When crafting the marriage ceremony, officiants must find the perfect balance between too much information and not enough. Personalized, but not too intimate. And, of course, not too short, nor too long. To answer this last question, JPus surveyed professional officiants and asked, How long do you think a marriage ceremony should be? Following are the results of the survey. 15-20 Minutes ~ The Perfect Ceremony Length Our decision to omit the 15-20 minute option was deliberate, to force respondents to lean either shorter or longer. Our plan may have backfired, though, since officiants chose both the alternatives at practically . . .
Articles to improve your JPus experience and maximize the power of your membership
Support Topic: The Ceremony
An important discussion to have with your couples is about the use of electronics. Do they want their guests to use them during the ceremony, or would they like everyone to unplug? As the leader of the ceremony, it is your responsibility to set the tone and convey your couple's wishes. If they are unsure about how to proceed, share with them this article about unplugged weddings. It will help them think through their options. How-To Say It Following is some suggested language to share your couple's wishes. Modify the message so it reflects your own style - and of . . .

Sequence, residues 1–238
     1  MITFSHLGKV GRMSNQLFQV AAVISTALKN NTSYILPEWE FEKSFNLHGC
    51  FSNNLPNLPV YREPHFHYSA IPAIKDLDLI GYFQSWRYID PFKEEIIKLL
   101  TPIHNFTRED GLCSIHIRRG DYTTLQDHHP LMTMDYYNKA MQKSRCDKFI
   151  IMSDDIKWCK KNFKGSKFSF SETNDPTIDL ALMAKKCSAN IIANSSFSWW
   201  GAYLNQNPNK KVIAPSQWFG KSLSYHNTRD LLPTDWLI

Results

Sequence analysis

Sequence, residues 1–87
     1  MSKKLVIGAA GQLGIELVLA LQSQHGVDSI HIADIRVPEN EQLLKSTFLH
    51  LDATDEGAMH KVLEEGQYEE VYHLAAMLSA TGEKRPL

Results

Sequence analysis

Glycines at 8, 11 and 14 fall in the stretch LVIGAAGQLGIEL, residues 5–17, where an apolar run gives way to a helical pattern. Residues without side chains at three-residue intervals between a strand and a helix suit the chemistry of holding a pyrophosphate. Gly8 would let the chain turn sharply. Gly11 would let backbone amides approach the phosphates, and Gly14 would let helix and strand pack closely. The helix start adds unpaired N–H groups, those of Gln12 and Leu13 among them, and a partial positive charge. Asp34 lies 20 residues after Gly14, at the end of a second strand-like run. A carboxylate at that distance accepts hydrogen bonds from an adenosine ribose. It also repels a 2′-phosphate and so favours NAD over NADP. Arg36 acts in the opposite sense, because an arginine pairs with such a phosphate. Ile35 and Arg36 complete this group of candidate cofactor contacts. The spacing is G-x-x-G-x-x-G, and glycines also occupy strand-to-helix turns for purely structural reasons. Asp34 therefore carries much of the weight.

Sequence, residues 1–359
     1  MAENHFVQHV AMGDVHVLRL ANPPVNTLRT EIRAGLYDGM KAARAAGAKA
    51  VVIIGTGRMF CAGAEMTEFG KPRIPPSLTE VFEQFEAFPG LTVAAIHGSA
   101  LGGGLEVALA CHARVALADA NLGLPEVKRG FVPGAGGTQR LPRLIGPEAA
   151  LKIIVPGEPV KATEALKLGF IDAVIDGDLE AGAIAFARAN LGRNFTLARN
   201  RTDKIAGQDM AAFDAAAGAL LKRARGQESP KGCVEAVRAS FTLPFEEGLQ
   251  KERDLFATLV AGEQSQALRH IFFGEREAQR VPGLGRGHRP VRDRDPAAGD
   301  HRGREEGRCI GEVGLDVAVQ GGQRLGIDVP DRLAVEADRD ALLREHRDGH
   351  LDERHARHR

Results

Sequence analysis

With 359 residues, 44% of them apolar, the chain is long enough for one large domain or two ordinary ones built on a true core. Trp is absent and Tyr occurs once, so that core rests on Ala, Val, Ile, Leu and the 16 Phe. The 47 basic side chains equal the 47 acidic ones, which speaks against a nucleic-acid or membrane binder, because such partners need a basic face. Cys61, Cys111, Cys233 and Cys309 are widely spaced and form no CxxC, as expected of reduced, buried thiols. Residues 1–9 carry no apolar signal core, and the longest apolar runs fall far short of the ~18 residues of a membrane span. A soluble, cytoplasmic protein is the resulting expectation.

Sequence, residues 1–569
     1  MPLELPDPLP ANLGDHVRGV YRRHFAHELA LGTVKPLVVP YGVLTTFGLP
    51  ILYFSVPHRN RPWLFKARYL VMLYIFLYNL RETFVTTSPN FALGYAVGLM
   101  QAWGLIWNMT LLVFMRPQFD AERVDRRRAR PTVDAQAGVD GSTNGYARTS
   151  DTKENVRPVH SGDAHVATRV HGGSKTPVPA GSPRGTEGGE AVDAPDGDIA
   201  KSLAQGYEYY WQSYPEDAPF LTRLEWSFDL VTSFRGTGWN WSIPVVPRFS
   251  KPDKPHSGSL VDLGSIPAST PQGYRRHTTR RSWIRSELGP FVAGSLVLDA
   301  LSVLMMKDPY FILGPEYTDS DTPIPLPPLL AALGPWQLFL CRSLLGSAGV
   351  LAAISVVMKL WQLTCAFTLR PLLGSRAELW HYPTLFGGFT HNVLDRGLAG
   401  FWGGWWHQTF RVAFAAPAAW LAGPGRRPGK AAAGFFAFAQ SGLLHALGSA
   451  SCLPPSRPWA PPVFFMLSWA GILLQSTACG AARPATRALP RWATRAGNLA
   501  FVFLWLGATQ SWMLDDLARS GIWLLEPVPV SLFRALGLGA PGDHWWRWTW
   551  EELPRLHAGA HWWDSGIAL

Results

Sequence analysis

There are many reasons a couple may want a commitment ceremony without actually getting married. As a professional who performs all sorts of lifecycle ceremonies, of course you'll oblige. Why Not Tie the Knot? The particular reason a couple chooses not to make their union legally binding is peripheral. Despite that, it is important for officiants to understand some circumstances that could be driving decisions. Marriage is a legal act that may influence child support, alimony, divorce settlements One party is already married to another and for whatever reason cannot or will not end the previous marriage One or both . . .
A common question we receive from JPus members is about the vows. Couples don't want to say them. "Just sign the license", they may say. They just want to be -- married. So, what's an officiant to do? The answer depends on the state. But, none of the states that JPus/findaJP is active in requires any specific language to be used. Review the Requirements in: Connecticut | Florida | Maine | Massachusetts | New Hampshire | Vermont Connecticut No specific words must be said between the couple. Rather, the officiant must make sure that the marriage license has the correct . . .